Stocks and crypto aren’t the only things hurting.
Billions of Fortune 500 corporate bonds deemed nearly default-proof have also been tagged in a garage sale for financial assets as the Federal Reserve scrambles to raise rates and to cool inflation to its highest level in four decades.
The dollar price of the US investment grade corporate bond index recently fell to $93.5 (see chart), the lowest level since the global financial crisis, according to data from BofA Global.
The prices of a host of highly rated corporate bonds in the index fell even lower, in one of the worst periods in history for total returns.
Investment-grade U.S. corporate bonds were pegged at a total return of minus -13.9% this year through Monday, compared to -9.3% for high-yield bonds, a decline that made it the one of the worst performing fixed income sectors, according to Mizuho Securities.
“There are several high-quality bonds in the tech space, where long bonds maturing in 30 years are trading at 70 to 60 cents on the dollar,” Arvind Narayanan, co-head of investment-grade credit at The Vanguard Group, said over the phone.
“These are names that are AA, almost AAA-rated credits,” he said, noting the rare discounts on such bonds as global central banks pull pandemic support from markets.
“Companies and their debt have to fend for themselves,” Narayanan said. “This is a great opportunity for active investors to really drive value for customers.”
Tech-wreck, in debt
The past two decades have been known for falling interest rates, resulting in years in which investors flocked to the deep well of the US investment-grade corporate bond market for yield.
Strong demand meant that much of the debt in the corporate bond index rated as investments generally traded at a premium to “par”, or above the $100 price that many bonds get on issue.
“Only 15% of the days since 2020 has the average index price fallen below par,” BofA Global strategists wrote, in a weekly client note. “Currently, nearly a third (32%) of notional trades in the index are below $90 and 9% – below $80. Unsurprisingly, 92% of bonds priced below $80 have a duration of 10 years or more.
Amid rising interest rates, the stock prices of many of America’s biggest tech companies have fallen, including Apple Inc., AAPL,
Netflix Inc. NFLX,
It has also caused a sea of red for corporate bonds this year, particularly for debt maturing in a decade and beyond, according to data from Bondcliq. For example, Apple’s AA+ coupon bonds maturing in February 2051, rated AA+, were trading at around $74 on Tuesday.
The interest rate mess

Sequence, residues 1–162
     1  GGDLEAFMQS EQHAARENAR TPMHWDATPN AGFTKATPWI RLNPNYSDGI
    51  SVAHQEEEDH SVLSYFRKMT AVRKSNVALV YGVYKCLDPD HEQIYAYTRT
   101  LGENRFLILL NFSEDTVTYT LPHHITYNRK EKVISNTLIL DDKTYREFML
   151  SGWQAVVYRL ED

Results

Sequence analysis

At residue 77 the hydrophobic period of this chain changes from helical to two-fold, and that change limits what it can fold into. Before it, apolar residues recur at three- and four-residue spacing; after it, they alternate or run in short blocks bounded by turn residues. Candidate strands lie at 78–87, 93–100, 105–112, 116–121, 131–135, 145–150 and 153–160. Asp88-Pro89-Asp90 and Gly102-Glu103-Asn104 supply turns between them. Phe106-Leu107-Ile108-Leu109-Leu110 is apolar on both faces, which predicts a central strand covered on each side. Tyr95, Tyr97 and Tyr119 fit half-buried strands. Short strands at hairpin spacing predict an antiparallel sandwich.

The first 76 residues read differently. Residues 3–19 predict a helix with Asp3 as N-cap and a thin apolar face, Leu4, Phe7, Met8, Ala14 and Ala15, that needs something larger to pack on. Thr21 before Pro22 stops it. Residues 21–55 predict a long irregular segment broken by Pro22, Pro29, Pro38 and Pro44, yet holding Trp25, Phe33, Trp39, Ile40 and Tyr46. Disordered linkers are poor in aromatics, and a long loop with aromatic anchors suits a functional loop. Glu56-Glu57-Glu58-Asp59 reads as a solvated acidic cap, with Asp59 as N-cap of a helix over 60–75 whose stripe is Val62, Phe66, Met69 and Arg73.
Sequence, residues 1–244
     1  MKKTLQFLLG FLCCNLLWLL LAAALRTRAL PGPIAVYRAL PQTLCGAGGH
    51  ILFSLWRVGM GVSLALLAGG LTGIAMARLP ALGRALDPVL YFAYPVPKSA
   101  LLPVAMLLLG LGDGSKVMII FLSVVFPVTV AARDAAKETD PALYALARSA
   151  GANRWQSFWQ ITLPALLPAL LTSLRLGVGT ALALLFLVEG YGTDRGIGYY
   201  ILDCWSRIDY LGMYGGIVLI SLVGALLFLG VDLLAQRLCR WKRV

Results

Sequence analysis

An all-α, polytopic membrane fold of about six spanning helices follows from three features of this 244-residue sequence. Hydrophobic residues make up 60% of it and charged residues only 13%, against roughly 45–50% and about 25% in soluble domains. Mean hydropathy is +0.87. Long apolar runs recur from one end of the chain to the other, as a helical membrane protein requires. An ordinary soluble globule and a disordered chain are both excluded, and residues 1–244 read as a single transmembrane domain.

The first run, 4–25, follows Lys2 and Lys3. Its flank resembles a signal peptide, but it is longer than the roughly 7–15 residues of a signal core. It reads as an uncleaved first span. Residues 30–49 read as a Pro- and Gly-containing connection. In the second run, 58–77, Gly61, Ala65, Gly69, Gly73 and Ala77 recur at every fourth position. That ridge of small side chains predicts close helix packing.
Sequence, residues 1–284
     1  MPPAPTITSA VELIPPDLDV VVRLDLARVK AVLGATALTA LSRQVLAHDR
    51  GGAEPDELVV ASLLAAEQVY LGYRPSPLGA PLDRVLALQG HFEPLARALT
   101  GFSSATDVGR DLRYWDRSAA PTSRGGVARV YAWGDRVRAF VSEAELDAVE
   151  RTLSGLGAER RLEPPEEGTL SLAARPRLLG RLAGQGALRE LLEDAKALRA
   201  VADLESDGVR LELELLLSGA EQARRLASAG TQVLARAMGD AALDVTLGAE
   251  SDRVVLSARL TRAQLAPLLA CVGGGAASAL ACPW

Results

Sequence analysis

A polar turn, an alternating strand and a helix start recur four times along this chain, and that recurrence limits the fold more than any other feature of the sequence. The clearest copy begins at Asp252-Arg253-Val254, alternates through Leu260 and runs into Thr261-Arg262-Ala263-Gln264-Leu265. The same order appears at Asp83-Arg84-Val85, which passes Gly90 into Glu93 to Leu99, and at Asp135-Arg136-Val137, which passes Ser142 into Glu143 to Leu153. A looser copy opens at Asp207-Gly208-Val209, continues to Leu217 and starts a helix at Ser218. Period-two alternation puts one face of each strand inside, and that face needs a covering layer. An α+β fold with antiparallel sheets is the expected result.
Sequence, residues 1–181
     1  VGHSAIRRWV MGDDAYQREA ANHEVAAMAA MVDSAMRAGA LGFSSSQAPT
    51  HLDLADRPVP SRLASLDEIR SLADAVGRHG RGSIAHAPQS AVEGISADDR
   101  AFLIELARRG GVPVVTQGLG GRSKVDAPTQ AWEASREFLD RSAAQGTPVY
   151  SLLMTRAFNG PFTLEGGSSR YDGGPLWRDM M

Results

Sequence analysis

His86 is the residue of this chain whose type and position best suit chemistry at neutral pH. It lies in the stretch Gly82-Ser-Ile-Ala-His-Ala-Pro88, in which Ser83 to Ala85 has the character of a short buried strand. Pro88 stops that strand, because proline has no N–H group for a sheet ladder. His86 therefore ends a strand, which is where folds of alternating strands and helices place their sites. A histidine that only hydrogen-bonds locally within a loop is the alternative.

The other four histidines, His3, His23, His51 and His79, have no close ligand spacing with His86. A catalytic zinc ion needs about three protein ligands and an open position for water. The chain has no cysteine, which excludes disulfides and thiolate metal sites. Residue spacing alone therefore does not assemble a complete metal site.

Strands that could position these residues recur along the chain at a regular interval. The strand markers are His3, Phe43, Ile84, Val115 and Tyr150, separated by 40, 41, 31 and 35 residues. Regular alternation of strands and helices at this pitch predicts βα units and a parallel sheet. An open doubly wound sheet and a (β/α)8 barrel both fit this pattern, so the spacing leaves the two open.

When prices for much of the $10 trillion U.S. corporate bond market have fallen in the past, it can often be attributed to concerns about “credit issues,” such as rising defaults. companies.
Bankruptcies were clearly a concern when banks collapsed in 2008, but also initially in 2020, when much of the world adopted containment measures to slow the spread of COVID 19. However, many companies used cheap debt over the past two years to strengthen their balance sheets. and push funding needs further down the road.
“It’s an unusual situation,” said Nick Elfner, co-head of research at Breckinridge Capital Advisors, who said much of the decline in corporate bond prices over the past six months was due at rates.
Bonds are priced at a spread, or premium, above risk-free rates. The 10-year Treasury rate TMUBMUSD10Y,
was close to 2.99% on Tuesday, down from a year low of around 1.63% on Jan. 3, 2022, according to Dow Jones Market Data. When bond yields go up, prices go down.
“In 2009, it was based on credit risk, downgrades and solvency risk in the banking industry,” Elfner said, over the phone. “Right now you’re kind of seeing the opposite, with faster upgrades than downgrades, companies with ample liquidity, and high interest coverage.”
But he also called the sharp rise in interest rates a “double-edged sword,” not only inflicting painful losses on bond investors in the short term, but also the possibility of higher returns later, as the yields increase.
The yield for the ICE BofA US Corporate Index was pegged at 4.4% to start the week, approaching the peak of 4.7% at the start of the pandemic in 2020.
As bonds sold off, some of the scum also came out of other more speculative parts of the markets, with bitcoin BTCUSD,
down 35.1% on the year to Tuesday and the tech-heavy Nasdaq COMP composite index,
by 21.5%, according to FactSet.
The big question going forward will be whether the Fed can get inflation under control without triggering a recession, which would raise credit concerns for many corporate debt investors.
Against this uncertain backdrop, Vanguard’s Narayanan said investors remained disciplined in how they deployed their capital. However, he also said it could mean garage sale prices are set to drop further.